Baltimore-area home sales for May had a slight 2 percent drop from the same period a year ago, but pending contracts -- an indication of future activity -- dropped significantly, leaving an economist and two Realtors confused over where the market is going.
According to statistics released yesterday by the Metropolitan Regional Information System, Baltimore, Carroll and Howard counties all showed an increase in settled transactions last month. Carroll and Howard were up 5 percent each, and Baltimore City was up 2 percent. Sales in Baltimore County dropped 9 percent, and Harford County sales were down 4 percent.
Anne Arundel County is not a part of MRIS multiple list system.
However, when looking at pending contracts, every county except Carroll was down when compared with May 1996. Overall, pending contracts for the area dropped 22 percent. The biggest drop came in the city, where Baltimore contracts were down 34 percent from the same time last year. Next came Baltimore County at 28 percent. Even popular Howard County had a decrease of 13 percent.
"What we're seeing is cautious spending by consumers," said Michael Funk, research economist at the Regional Economic Studies Institute at Towson State. "We're seeing inventories building and rising and weaker home sales. Why that's happening I can't get a real handle on. There really is no reason for cautiousness on the part of consumers. The state of the Maryland economy is as good as it's been this decade," he said.
Funk said it's even more mysterious since 30-year fixed mortgage rates have been dipping below 8 percent in the past several weeks.
"Right now there hasn't been a better time to buy in recent years," he said. "It just wouldn't be reasonable to think that interest rates are going to go any lower; they are extraordinarily low as we stand. Employment growth is as good as its been for the last 10 years in Maryland. I really don't know what else it's going to take at this point."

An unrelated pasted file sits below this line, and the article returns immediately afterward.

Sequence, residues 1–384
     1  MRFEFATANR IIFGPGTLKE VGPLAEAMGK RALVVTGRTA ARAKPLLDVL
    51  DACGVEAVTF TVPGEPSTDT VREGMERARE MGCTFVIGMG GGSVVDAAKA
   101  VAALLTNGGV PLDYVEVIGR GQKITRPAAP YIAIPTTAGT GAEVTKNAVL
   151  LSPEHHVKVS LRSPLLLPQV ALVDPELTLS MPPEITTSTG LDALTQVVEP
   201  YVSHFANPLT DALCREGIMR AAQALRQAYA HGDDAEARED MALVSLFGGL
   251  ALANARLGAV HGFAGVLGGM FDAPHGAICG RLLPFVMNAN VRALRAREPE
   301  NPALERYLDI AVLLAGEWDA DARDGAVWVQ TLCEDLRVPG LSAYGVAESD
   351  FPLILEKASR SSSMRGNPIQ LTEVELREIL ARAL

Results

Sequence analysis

But when compared with April, the May sales figures were more robust. Each county showed an increase. Harford County had the biggest jump with a 30 percent rise, followed by Howard with 26 percent, Baltimore with 20 percent, Baltimore County at 13 percent and Carroll at 4 percent.
"What I see is that April and May were real strong months for me, and I'm starting to see the fruits of that because I have a lot of settlements this month," said David Desser, an associate broker with Long & Foster in Pikesville. "But our office has been dead for the last two weeks, so I think June pendings are going to be way down. I think they will be below May pendings. But I would say that if we have three or four slow months, then September, October and November will be up months."
Said Cindy Ariosa, manager of the Timonium branch of Coldwell Banker Grempler Realty: "In the last week of May I had as many pending sales as I had in the whole first three weeks. The end of May ended up being very strong."
But Realtors believe sales could be further slowed because buyers generally have a wide range of inventory to pick from, and that was confirmed by numbers released by MRIS.
When compared to May 1996, each area -- except for Baltimore City -- showed a rise in inventory. For example, in the same time period last year, buyers in Baltimore County had 5,094 homes to choose from. This year there were 5,588 on the market.
"There's almost a year's worth of inventory out there right now," Funk said.
Yet even though it's a buyers' market, apparently they are paying a higher price.
Every county had a higher average sales price compared with the same time last year. Overall the average sales price was $142,058 compared to $133,521 for May 1996. Prices in Baltimore rose from $74,567 to $81,465. In Baltimore County the average sale rose almost 10 percent, from $129,879 to $142,245.
Pub Date: 6/12/97